The cerebral hemisphere first appears in the form of a slight bulging upon each side of the fore-brain, but it soon assumes large dimensions. At first it grows forwards and upwards (Fig. 550), and a distinct cleft, the floor of which is the roof-plate and lamina terminalis, appears between the two hemispheres: this is known as the fissura longitudinalis cerebri. The separation of the two cerebral vesicles by the longitudinal fissure begins at the end of the first month. This fissure becomes occupied by mesodermic tissue, which later on forms the falx cerebri. The cerebral hemisphere, in its further growth, is carried progressively backwards over the posterior parts of the developing brain. At the end of the third month it has covered the thalamus. A month later it reaches the corpora quadrigemina, and by the seventh month it has not only covered these, but also the entire upper surface of the cerebellum.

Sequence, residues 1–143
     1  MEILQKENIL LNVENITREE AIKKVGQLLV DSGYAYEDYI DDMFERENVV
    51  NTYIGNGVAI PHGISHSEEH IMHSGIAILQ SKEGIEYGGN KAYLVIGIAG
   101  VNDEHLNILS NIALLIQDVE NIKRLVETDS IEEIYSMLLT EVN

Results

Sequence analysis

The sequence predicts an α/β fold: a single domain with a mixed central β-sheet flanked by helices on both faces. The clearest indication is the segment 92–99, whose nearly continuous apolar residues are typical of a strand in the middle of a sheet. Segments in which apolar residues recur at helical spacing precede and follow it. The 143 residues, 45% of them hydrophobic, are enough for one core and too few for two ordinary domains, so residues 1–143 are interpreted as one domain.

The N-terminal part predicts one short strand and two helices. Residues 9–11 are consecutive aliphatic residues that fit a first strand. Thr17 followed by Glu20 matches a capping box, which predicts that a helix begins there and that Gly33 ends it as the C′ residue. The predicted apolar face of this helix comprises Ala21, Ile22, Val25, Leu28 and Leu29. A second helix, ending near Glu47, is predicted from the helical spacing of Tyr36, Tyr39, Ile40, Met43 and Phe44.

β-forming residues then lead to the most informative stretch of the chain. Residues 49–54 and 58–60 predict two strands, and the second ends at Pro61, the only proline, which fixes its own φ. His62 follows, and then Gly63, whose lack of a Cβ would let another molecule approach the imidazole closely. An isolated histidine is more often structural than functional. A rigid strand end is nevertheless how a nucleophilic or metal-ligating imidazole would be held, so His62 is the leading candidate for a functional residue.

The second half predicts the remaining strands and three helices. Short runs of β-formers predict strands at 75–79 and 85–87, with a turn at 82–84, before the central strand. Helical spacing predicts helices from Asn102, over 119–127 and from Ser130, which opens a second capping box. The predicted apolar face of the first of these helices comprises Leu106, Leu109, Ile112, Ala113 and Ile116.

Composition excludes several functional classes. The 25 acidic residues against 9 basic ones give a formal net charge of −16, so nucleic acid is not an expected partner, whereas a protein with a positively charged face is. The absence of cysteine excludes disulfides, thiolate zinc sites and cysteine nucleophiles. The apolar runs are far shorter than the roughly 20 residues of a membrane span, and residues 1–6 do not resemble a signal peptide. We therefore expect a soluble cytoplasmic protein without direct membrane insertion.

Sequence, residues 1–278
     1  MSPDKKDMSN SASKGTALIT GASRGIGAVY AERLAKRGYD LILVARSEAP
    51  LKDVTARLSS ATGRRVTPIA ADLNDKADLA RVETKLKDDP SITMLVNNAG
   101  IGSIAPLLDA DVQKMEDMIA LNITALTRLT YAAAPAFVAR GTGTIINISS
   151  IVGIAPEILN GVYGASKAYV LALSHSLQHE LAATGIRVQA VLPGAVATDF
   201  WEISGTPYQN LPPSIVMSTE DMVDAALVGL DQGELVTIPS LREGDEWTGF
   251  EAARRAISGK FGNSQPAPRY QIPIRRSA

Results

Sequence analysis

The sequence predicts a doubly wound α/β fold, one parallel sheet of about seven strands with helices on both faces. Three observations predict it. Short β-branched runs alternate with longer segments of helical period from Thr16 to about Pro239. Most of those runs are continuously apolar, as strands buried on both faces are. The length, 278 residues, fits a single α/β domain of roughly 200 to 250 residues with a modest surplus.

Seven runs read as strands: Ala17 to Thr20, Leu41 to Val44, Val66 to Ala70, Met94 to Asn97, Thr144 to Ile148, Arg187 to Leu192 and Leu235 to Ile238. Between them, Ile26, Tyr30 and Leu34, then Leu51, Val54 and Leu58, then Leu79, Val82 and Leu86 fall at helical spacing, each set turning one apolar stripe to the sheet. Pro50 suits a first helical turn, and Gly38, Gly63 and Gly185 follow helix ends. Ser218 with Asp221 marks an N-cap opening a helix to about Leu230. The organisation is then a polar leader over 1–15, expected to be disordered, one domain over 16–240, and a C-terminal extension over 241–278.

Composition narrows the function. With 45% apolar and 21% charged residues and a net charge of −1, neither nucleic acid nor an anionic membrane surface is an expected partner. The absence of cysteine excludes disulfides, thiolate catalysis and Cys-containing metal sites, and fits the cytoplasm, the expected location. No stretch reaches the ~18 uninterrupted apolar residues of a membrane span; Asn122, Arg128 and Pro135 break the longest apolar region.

In the earlier stages of its development the cerebral hemisphere is a thin-walled vesicle with a relatively large cavity, which represents the primitive condition of the lateral ventricle. At first the vesicle is bean-shaped and the cavity is curved. As development proceeds the posterior portion of the hemisphere grows backwards over the cerebellum in the shape of a hollow protrusion, and a distinct occipital lobe enclosing the posterior horn of the lateral ventricle is the result. This developmental stage begins about the fourth month.